Image: Wikimedia Commons / Coolcaesar
Image: Wikimedia Commons / Coolcaesar

Concerns over mental health support for students expressed by watchdog

The head of the Office for Students (OfS) has expressed concerns that over half of university and college students across the UK do not feel that their mental wellbeing has been sufficiently supported this year. 

A National Student Survey conducted by the OfS concluded that 42% of students felt that they received enough help.

This statistic contrasts with England’s Universities Minister Michelle Donelan, who stated that universities had ample funds of up to £256 million for support.

Nicola Dandridge, OfS CEO, said: “Clearly, the circumstances last year were exceptional, but consideration should be given to what more can be done to ensure students are appropriately supported.”

As prospective and current students look to the autumn, it will be important that universities combine credible plans to restore face-to-face teaching with sensible contingency planning in the event that some restrictions need to continue.”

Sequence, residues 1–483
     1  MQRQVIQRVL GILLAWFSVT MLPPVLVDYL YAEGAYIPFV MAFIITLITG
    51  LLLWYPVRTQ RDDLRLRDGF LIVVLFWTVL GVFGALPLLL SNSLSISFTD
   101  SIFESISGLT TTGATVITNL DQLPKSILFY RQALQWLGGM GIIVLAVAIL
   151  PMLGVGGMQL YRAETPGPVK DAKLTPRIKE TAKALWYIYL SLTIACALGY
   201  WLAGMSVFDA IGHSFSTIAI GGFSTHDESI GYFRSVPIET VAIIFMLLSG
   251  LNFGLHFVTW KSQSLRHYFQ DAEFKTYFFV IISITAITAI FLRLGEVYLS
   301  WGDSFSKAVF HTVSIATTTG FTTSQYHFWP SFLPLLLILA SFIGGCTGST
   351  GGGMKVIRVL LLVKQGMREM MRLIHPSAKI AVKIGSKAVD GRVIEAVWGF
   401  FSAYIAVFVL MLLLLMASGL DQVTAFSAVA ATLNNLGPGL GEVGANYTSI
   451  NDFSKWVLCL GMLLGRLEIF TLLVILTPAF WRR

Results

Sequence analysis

Ms Donelan stated:  “I recognise that the past 18 months have been uniquely difficult for students, and we have set out clear expectations that the quality and quantity of tuition should be maintained.”

“We have also been clear that students should be receiving good quality mental health support.”

The survey also showed that 75% of students classified their general experience on their courses as positive, which is a decline from 83% in 2020. 

After a very unusual and challenging year, it is not surprising to see that the pandemic has shifted students’ views on their overall university experience 

– Alistair Jarvis, Chief Executive of Universities UK 

Gathering 332,500 responses from students, the survey takes into account a range of factors including assessment, feedback, and the teaching and organisation of their courses. 

The survey included questions specifically about the pandemic as well, considering the extraordinary circumstances of the year and what that meant for students. 

Less than half of students stated they were content with their means of learning and teaching on their courses. However, a majority of 78% said that they were able to find the resources they needed. 

Alistair Jarvis, chief executive of Universities UK, added: “After a very unusual and challenging year, it is not surprising to see that the pandemic has shifted students’ views on their overall university experience.” 

“Universities have done all they can to help students progress and meet their learning outcomes with additional learning and wellbeing support at the same time as implementing Covid-19 safety measures.”

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